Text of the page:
“Free money from the Federal Reserve” sounds fantastic for stock prices. Picture a giant firehose of liquidity, just spraying cash in every direction, as the Fed expands its balance sheet by trillions.
How could U.S. companies — and stock prices — not benefit from that bonanza?
Pretty easily, that’s how.
It has to do with the difference between liquidity and solvency, and the rise of “zombie” companies.
To explain the difference between liquidity and solvency, we’ll start with these two rules of thumb:
- Liquidity is all about cash flow.
- Solvency is all about the balance sheet.
Before we go further, let’s quickly break down the three parts of a financial statement: The income statement, the balance sheet, and the cash flow statement.
- The income statement tells you how much a company earns (or loses) in a given time period. You look at the revenues coming in, and the costs going out, and that tells you the company’s net income, which sums to a profit or a loss.
- The balance sheet tells you about a company’s assets and liabilities. Maybe the company has $100 million worth of inventory — that’s an asset. Maybe the company owes $200 million in long-term debt — that’s a liability. If you take a company’s assets and subtract the liabilities, you get the equity, or net worth, of the company.
- The cash flow statement tells you about cash coming in and going out. This is different from the income statement. A company might have income that isn’t in the form of cash, or cash flow sources that don’t count as income. If a company runs out of cash, it is likely in big trouble.
With that refresher, we can see what it means to say “liquidity is all about cash flow.”
Let’s say your business is in deep trouble and the Federal Reserve, or the government, helps you out. They give you a loan of $10 million.
That $10 million helps your liquidity, but it doesn’t help your solvency. You now have $10 million in cash, which is good for your cash flow. You can use that $10 million to pay bills, or pay employees, or buy more inventory and so on.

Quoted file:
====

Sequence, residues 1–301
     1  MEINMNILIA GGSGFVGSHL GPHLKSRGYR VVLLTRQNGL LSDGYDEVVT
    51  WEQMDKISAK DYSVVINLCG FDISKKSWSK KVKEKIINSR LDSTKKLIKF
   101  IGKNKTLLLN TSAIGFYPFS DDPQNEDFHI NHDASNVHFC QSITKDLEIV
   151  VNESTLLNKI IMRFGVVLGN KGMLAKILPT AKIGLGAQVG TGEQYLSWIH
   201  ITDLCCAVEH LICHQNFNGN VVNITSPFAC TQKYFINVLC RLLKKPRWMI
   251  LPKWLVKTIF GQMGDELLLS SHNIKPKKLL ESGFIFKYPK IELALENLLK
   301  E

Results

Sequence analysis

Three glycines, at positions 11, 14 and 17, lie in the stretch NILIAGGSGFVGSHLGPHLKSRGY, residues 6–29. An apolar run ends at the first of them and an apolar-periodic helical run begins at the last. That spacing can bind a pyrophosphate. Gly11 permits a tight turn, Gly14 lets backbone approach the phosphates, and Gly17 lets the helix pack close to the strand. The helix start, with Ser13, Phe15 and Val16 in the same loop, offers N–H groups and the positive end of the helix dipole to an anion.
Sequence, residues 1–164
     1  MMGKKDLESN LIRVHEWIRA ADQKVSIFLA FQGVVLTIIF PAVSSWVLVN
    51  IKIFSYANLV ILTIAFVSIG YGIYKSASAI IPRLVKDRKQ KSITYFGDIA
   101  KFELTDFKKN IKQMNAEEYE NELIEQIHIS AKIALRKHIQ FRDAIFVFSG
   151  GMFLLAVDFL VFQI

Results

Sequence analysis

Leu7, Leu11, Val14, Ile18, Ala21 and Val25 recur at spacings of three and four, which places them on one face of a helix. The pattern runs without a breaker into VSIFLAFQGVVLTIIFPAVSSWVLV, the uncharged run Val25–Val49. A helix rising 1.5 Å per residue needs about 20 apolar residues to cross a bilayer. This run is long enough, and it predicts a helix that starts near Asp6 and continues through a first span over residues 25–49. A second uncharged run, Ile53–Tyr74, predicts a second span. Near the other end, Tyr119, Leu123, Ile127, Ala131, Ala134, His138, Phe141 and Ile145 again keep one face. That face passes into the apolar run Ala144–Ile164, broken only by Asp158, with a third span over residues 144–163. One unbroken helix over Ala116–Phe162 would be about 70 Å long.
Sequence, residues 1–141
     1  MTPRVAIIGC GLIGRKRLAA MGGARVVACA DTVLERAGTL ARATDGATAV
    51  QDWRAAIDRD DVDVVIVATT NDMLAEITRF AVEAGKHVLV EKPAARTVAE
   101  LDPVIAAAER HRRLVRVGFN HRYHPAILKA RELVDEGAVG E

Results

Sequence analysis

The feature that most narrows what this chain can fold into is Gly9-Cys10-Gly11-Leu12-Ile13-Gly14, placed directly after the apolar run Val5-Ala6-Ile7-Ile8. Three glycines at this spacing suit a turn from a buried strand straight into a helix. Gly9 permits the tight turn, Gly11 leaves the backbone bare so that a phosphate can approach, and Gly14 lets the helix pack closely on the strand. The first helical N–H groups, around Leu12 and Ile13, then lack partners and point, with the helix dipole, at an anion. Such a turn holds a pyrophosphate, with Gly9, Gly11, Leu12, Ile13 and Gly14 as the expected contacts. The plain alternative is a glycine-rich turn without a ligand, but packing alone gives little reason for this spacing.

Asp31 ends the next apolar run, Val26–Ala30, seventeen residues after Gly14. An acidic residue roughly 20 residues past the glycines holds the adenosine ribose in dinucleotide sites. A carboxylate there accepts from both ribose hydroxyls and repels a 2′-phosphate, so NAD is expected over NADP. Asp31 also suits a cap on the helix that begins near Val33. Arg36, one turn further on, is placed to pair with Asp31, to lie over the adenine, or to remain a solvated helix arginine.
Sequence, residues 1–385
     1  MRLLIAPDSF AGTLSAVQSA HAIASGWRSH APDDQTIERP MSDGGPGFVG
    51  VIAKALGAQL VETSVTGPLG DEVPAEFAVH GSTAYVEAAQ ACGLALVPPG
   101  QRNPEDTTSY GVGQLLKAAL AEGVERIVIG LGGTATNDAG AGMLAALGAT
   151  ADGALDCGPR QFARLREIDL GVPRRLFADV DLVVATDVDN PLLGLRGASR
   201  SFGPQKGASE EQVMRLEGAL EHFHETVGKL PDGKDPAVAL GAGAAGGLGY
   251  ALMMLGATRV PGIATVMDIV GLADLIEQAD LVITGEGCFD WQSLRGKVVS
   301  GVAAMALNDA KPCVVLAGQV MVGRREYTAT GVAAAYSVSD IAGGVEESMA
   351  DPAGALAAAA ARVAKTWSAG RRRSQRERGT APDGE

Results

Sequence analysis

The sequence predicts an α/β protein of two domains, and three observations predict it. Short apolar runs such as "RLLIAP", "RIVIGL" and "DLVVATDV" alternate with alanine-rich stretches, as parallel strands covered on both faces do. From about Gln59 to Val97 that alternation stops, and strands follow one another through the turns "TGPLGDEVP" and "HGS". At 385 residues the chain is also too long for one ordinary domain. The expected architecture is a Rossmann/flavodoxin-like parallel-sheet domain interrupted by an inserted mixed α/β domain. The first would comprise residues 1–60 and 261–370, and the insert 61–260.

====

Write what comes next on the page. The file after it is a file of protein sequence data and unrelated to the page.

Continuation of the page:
And yet, because the $10 million is a loan, it becomes a liability on your balance sheet. You still have to pay that money back at some point.
And if, say, your company was already $20 million in debt, the new loan means your company is now $30 million in debt. You received help in the form of cash — that is the “liquidity” part — but your balance sheet situation now looks worse.
“Solvency” is a fancy way of saying a company, or a person, can pay their bills.
If a business is insolvent, it cannot pay its bills — which typically means it has too much debt, or it is losing too much money on a regular basis, or it has too much cash going out versus coming in.
If the Federal Reserve lends money to an unprofitable business, all it does is prolong the inevitable.
Say that, due to low occupancy rates, a struggling hotel is losing $1 million per month. If the hotel borrows $5 million, that will be a short-term boost to liquidity. The $5 million provides temporary cash flow.
But at a loss rate of $1 million per month, in five months the loan money will be gone — and the hotel will be worse off than before, because it is still losing money, and still hard up for cash, while owing $5 million more than before.